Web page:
Actor and writer B.J. Novak has become the face of several products after a photo of his face was mistakenly uploaded to a public domain website.
On Instagram last week, Novak revealed that his face was being used to sell such products as a Calvin Klein cologne in Sweden, electric razors in China, face paint in Uruguay and more, as reported by The New York Times.
The Office star and writer posted photos of the products in a collection on his Instagram titled “modelling”, where he explained: “Years ago, someone mistakenly put an image of me on a public domain site, and now apparently I am on products all around the world.” The history of the image, including the photographer, could not be determined.
Despite the recent collection of pictures, Novak has been aware of this mishap since at least 2014, posting a photo of the perfume some 399 weeks ago with the caption: “I am #blessed to announce the launch of my fragrance, available now in a Swedish department store”.
While The New York Times report that there are a number of legal options for Novak to pursue, should he want to, the 42-year-old wrote on Instagram: “I’m too amused to do anything about it.”
“It’s really the fact that his face or likeness is associated with a particular product,” lawyer Marc Misthal told NYT, “because they’re using his likeness in order to attract customers and basically make money.”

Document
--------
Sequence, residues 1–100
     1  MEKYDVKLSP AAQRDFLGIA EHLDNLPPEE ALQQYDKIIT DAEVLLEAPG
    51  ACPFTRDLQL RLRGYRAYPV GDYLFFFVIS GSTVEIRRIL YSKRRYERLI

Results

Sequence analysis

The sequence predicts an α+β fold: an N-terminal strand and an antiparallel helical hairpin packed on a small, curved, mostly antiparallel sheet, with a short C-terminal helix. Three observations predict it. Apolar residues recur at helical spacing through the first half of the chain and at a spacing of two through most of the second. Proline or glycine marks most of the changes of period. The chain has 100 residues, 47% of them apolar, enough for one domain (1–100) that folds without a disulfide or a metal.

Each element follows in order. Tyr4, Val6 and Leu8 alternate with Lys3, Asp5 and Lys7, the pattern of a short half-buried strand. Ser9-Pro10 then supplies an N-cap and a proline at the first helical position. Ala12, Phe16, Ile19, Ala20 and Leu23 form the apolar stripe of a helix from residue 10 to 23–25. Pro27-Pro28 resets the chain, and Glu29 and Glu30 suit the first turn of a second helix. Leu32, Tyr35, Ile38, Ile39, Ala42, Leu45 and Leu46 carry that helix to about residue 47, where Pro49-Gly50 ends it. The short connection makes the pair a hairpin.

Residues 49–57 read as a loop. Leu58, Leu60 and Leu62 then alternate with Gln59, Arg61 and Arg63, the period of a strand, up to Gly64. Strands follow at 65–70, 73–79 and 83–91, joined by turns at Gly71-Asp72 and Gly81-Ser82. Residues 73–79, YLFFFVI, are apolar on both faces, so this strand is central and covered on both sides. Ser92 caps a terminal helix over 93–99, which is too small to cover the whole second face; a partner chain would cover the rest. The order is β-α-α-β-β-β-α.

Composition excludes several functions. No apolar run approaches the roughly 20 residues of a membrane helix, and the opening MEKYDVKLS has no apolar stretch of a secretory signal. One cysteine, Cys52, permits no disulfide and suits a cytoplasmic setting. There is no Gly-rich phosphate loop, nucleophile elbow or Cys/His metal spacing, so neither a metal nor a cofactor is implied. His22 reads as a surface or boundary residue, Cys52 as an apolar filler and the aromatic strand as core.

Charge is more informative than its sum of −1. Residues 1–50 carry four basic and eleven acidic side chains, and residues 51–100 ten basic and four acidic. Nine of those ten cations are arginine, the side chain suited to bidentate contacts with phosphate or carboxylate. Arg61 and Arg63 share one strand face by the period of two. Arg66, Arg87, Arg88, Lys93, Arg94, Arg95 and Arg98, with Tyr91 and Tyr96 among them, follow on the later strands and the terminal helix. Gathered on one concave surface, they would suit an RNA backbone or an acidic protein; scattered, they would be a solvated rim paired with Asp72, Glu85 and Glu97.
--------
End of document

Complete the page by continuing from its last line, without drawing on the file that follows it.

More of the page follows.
Last month, Novak opened up about the inspiration behind The Office‘s writing, saying that The Sopranos held the “biggest influence” over the beloved series.
Speaking on Watch What Happens Live with Andy Cohen, Novak revealed that he had tried to hire James Gandolfini as a replacement for Steve Carrell’s Michael Scott, after he left the series in 2011.
“I was at the meeting with James Gandolfini where we tried to convince him to join the show,” said Novak.
“He was shy, intrigued and he’s my favourite actor of all time so I just thought it would be great because to me, The Sopranos was actually the biggest influence on The Office because of the way that comedy, drama and character were all completely indistinguishable.”